ISSN 1470-3947 (print) | ISSN 1479-6848 (online)

Endocrine Abstracts (2017) 50 EP078 | DOI: 10.1530/endoabs.50.EP078

A partial hypopituitarism case that resolved following bariatric surgery

Alan Mitan, Fahd Irshad, Syed Bukhari & Aye Nyunt


Diabetes and Endocrinology Department, Glan Clwyd Hospital, LL18 5UJ.; BCUHB, Rhyl, UK.


Background: The use of opioids in non-cancer patients has increased dramatically over the past few years. The most common endocrine dysfunction with opioid use is hypogonadism, but it has been reported in a small number of cases that adrenal insufficiency and adult growth hormone deficiency can also occur.

Clinical case: A 39 year old male presented with general fatigue, loss of libido and sweating for about six months in 2008. He suffered from severe back pain, neck pain and was on morphine sulphate tablet 30 mg BD. The past medical history included T2DM and obesity. In clinic he was overweight (BMI 42) with sparse body hair. His blood tests showed testosterone 5.7 nmol/L, FSH 1.9 U/L, LH 0.8 U/L, Prolactin 514, TSH 2.9 mU/L, FT4 12 pmol/L and 9 am Cortisol 63 nmol/L. MRI pituitary was normal. His partial hypopituitarism was likely due to chronic opioid use. He was commenced on hydrocortisone and testosterone, followed by growth hormone replacement after having dynamic pituitary function tests. In December 2015 he underwent bariatric surgery and lost 36 kg weight in total. In 2016 his BMI was 33.6; he was no longer on morphine tablets or any treatment for diabetes (HbA1c 42 mmol/mol). In 2017, repeat dynamic tests showed his peak GH and cortisol levels were satisfactory. At present, he remains only on testosterone replacement.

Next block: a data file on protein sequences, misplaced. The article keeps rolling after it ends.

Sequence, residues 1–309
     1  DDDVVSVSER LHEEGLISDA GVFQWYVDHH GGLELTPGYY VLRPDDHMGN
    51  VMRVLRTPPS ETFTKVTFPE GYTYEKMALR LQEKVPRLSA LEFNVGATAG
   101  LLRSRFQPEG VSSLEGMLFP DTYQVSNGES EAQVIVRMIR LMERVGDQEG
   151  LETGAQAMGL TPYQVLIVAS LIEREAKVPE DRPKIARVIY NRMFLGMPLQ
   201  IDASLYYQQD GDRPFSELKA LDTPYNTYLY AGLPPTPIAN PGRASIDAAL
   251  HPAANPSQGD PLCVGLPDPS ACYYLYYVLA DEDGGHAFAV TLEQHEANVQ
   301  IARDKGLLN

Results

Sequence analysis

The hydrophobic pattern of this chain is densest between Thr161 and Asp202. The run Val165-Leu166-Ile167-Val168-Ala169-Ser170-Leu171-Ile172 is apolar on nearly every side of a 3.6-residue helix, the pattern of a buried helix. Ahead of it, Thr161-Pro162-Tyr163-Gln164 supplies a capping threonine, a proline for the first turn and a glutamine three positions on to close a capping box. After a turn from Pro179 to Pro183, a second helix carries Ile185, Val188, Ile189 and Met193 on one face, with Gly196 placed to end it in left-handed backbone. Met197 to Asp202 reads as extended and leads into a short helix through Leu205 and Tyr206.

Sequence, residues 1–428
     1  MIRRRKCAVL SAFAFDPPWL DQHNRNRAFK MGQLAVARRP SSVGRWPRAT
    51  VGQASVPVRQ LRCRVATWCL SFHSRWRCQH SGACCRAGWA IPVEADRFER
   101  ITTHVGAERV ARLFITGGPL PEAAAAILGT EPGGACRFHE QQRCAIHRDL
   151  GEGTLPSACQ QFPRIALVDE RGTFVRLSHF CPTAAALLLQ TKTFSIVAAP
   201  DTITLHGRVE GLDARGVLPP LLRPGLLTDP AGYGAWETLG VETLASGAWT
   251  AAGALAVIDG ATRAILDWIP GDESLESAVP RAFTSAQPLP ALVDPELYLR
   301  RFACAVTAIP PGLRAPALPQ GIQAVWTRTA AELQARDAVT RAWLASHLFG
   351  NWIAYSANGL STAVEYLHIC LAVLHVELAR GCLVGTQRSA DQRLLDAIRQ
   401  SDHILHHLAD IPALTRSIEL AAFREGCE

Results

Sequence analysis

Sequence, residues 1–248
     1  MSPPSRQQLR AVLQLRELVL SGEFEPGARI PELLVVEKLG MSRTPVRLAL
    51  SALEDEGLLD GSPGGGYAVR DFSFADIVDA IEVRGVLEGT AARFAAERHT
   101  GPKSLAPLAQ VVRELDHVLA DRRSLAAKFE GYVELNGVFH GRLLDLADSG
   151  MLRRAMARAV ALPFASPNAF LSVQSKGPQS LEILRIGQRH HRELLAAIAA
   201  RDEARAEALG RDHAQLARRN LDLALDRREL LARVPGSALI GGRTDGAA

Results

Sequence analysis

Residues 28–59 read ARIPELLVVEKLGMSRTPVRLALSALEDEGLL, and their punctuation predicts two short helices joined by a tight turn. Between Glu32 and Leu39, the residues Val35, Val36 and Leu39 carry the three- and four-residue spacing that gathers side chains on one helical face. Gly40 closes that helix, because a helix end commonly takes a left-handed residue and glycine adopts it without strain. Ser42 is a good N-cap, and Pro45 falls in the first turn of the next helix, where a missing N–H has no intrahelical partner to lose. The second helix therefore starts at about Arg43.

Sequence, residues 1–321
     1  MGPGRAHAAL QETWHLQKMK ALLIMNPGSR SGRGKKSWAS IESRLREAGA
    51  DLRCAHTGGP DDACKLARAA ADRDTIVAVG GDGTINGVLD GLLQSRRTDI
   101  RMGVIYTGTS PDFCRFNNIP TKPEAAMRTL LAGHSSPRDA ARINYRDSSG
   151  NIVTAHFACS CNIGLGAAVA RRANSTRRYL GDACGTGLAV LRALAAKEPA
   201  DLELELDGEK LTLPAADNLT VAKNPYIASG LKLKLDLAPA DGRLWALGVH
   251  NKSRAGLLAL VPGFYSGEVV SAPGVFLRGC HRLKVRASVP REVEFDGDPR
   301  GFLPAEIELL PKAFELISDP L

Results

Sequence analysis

Conclusion: This is one of very few cases demonstrating the effect of opioids on GH levels, other than causing hypogonadism. More research is needed to determine which opioids are more likely to cause endocrine dysfunction and which patients need to be screened and treated.

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